Does it lately seem like the only news is bad news? Whether you’re reading posts on Facebook or Twitter, listening to the radio or watching television, it seems to be everywhere. Even a night out with friends has turned into talk about fake news, toxic people at work, or encounters with angry, upset strangers. You haven’t seen someone smile all day, and everyone’s news seems full of doom and gloom.
It’s no surprise that bad news gets more attention than the good news. Our brains are wired to respond more strongly to negative situations. It is often said that even when 95 percent of what a person experiences or hears is positive, that person will still focus on the negative 5 percent. Constantly hearing, talking, and stressing about bad news is hard on your emotional health. Finding ways to minimize the harmful effects will help you find the good in life and avoid developing a negative bias. Here are four suggestions that can help you remain optimistic and grateful:
- Clean out negative situations and sources and replace them with more positive events, organizations, and news feeds. Negativity is contagious; if you immerse yourself in negative news, television, gossip, and events that promote hate or anger, you will begin feeling more cynical about life and the future. For every negative or toxic group you belong to, consider unsubscribing and replacing it with something positive or inspirational. In your relationships, consider joining an upbeat group with a mission to help make the future better.
- Practice relaxation and meditation techniques. Yoga studios, churches, and athletic facilities boast about the power of mediation, but you don’t need to join their group. You can do meditation and relaxation techniques at home. Sit down in a chair (or lie down on the floor) and practice being quiet. Close your eyes, slow down your breathing, and count to 4 as you inhale and 6 as you exhale. Your focus should be on noticing a difference in tense muscles and feeling as they relax. Individuals who practice each day notice slower heart rates, lower blood pressure, and a more relaxed demeanor.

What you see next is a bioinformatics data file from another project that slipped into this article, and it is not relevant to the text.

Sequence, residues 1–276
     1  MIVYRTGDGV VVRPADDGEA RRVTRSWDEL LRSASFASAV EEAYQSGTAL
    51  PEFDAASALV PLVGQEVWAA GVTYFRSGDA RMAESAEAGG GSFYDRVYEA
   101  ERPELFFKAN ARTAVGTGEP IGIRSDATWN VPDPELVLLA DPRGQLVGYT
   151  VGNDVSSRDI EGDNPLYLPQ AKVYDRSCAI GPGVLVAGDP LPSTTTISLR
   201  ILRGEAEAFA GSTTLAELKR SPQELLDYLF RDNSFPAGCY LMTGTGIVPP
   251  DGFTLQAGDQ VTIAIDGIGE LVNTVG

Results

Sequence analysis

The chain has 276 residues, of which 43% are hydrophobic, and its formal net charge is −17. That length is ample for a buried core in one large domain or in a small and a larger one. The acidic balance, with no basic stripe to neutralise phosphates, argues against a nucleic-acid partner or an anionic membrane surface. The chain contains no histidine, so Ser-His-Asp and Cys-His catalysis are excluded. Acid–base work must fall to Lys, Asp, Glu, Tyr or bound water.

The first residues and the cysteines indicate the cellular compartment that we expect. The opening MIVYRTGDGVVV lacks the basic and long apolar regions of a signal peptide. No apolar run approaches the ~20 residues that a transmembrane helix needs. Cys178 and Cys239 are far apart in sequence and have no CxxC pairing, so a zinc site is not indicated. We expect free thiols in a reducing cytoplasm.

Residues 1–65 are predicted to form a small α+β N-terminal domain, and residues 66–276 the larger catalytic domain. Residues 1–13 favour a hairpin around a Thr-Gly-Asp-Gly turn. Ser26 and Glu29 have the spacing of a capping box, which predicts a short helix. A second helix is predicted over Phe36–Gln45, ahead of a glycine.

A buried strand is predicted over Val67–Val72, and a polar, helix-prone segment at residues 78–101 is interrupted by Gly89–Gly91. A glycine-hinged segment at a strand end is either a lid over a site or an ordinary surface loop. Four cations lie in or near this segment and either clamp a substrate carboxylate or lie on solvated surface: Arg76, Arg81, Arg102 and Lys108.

- Practice gratitude. This is the easiest way to begin feeling more positive about your life and your future. Studies have shown that gratitude reduces anxiety, and many people begin to feel more optimistic and fortunate about their lives. Simply writing down three things you’re grateful for at the end of your day helps you wake up less stressed.
- Practice a different reaction. We’re wired to be creatures of habit, and it’s so much easier to fall into past behaviors. However, having the same reaction to negative news will keep you stuck in the same toxic situation. When someone is arguing, gossiping, or being passive aggressive, decide to react differently. Reacting to immature behavior with more immature behavior turns into a hopeless mess of contagious negativity. It’s a challenge but choosing a more positive reaction to their negative behavior helps you feel better about yourself and may even help them.
You cannot control the news, but you can control how you react to negative news. Part of self-care is practicing healthy habits to keep you at your best. Bad news does affect your emotions and your overall health, but you are the master of your thoughts and actions. It’s important to feel included, but when feeling included means you have to join in the negativity or hostility, it’s time to consider new relationships. There is a big world out there so don’t limit yourself to the negative.